ADHD and Working Memory: Computer Training Shows Benefit

A recent study reported in Scientific American points the way towards a possible new treatment for ADHD. Attention Deficit Hyperactivity Disorder or ADHD is a widely misunderstood condition which severely affects as many as one in a 100 children.

Many studies have already shown the benefits of medication – specifically Ritalin – in treating the condition. This is a stimulant that can improve ADHD dramatically, although exactly how it works remains a mystery.

One theory is that the problems associated with ADHD are partly a result of an impairment of working memory. This new research examines the possibility that a computer programme can be used to train working memory.

The outcomes from this study showed a significant benefit after training as rated by the children’s parents. To its detriment though, no benefit was seen by the children’s teachers. As ever, with brand new treatment methods, it remains to be seen whether these results can be replicated, and also whether teacher ratings will show an improvement.
Scientific American
Attention Research Update provides a summary of the research.

Sustained Ecstasy Use Degrades Memory

Some of the first evidence coming through that sustained use of ecstasy might impair memory:

Researchers found the ecstasy users remembered an average of 25% less items. University senior lecturer in psychology Dr Tom Heffernan said: “I would say it was quite a significant forgetting rate. It is something they certainly should be concerned about.”

This research comes on top of some previous research showing cognitive deficits in ecstasy users as as well evidence that heavy ecstasy use is linked to depressive symptoms.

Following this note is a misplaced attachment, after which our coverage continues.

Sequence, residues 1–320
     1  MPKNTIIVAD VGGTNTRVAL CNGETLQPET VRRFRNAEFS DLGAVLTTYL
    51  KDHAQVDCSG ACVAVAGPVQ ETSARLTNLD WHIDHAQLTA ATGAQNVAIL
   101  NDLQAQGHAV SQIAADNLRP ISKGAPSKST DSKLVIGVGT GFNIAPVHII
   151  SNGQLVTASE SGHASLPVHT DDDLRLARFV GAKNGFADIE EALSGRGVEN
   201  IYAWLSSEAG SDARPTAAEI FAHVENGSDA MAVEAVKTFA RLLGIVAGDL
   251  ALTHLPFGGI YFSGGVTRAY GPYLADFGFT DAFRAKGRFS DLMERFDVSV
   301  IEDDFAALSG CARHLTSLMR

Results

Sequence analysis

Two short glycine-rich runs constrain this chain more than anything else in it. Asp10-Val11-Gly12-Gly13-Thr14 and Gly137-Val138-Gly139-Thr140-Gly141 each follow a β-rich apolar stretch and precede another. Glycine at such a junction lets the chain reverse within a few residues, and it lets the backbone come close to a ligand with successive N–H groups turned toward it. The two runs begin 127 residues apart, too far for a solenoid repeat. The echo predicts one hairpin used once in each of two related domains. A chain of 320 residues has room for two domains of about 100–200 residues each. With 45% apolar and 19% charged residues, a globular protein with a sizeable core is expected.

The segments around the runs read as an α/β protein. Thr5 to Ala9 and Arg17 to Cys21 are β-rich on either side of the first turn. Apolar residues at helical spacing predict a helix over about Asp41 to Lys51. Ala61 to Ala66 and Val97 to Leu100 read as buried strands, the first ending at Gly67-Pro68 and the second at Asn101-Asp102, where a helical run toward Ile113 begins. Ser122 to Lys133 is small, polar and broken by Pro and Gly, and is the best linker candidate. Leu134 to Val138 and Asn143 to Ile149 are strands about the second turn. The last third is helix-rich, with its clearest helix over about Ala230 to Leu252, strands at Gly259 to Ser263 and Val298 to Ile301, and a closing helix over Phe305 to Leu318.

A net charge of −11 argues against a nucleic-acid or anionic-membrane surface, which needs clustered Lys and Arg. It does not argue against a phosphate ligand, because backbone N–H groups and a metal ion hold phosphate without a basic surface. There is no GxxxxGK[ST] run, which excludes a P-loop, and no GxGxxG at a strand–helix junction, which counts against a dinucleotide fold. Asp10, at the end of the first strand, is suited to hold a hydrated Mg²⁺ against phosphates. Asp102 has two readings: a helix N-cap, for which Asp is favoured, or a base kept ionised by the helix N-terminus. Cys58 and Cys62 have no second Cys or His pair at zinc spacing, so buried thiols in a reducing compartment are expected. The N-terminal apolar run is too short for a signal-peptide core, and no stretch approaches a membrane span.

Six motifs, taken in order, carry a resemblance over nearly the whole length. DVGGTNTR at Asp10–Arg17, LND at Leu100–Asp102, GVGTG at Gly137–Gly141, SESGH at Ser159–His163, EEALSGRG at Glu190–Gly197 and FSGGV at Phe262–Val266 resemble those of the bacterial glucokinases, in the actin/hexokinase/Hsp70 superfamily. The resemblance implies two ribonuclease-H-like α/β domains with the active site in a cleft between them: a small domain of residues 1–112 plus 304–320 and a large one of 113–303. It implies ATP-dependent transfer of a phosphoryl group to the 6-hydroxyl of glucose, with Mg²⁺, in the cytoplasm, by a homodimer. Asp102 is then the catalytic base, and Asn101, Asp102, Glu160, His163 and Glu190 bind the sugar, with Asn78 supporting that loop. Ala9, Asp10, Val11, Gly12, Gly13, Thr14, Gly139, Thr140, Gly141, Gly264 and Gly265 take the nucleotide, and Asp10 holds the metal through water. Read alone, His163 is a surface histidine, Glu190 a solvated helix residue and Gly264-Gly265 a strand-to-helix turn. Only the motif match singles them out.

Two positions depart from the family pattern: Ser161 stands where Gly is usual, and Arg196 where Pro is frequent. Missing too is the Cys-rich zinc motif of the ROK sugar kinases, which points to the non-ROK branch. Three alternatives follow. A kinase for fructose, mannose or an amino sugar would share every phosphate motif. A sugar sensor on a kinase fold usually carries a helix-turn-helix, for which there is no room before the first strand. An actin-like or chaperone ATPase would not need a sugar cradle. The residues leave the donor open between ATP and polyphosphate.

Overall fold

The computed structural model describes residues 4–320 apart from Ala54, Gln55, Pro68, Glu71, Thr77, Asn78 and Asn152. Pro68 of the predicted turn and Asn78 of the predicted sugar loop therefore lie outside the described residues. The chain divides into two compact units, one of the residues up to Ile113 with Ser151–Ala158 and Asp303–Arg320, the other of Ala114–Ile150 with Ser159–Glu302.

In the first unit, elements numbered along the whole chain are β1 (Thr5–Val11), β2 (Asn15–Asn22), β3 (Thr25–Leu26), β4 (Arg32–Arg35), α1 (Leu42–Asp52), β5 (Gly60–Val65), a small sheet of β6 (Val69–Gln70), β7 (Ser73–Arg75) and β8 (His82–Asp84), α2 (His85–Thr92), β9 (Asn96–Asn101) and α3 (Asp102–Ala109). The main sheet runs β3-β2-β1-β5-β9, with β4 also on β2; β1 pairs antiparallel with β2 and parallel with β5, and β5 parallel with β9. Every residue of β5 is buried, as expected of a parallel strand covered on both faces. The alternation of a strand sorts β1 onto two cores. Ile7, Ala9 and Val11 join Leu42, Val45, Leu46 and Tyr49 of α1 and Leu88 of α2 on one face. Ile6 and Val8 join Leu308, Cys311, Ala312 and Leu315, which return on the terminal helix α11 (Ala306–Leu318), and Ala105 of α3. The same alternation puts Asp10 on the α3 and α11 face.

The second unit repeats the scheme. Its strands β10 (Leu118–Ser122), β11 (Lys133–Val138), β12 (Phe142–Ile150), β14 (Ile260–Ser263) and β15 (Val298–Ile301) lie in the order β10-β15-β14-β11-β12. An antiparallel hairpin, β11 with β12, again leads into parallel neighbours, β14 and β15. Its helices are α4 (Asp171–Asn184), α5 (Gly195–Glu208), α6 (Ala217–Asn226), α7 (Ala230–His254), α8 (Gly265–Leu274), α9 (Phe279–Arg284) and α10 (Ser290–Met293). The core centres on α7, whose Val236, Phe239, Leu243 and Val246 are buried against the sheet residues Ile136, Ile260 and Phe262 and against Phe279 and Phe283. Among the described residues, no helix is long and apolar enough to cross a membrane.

Find out more about the emergence of the popular recreational drug.

Memory illuminated by sign language

Some proper science here at last. I get a little nervous when I’ve been posting too many fluffy pieces about dating or life coaches! This study updates the theories about the relationship between the number of short-term memory slots a person has and their intelligence.

Studies of English-speakers have found that people can retain between 5 and 9 items in short-term memory. Other languages have been tested and while most were similar, some exceptions have been found. Chinese speakers could remember between 7 and 11 items while deaf people using sign language between 4 and 6. The reason for this was thought to be how long it took to say these words in the particular language. Chinese numbers are short, hence their performance better.

This study, however implies that this test is biased for the type of processing that the brain is doing: in this case mainly auditory. The researchers developed a new test that was not biased towards auditory processing, and this produced more standardised results for those using sign language.

> Article abstract from Nature Neuroscience

Bad mood improves memory

Journos seem surprised by this study that found that those who were in a bad mood were better eye witnesses than those in a good mood. To me, it makes perfect sense. My firm belief is that being in a good mood is all about self-deception, for God’s sake don’t look too closely at the details. I’m happy because I’m in denial about life, and long may it last!

> From News Medical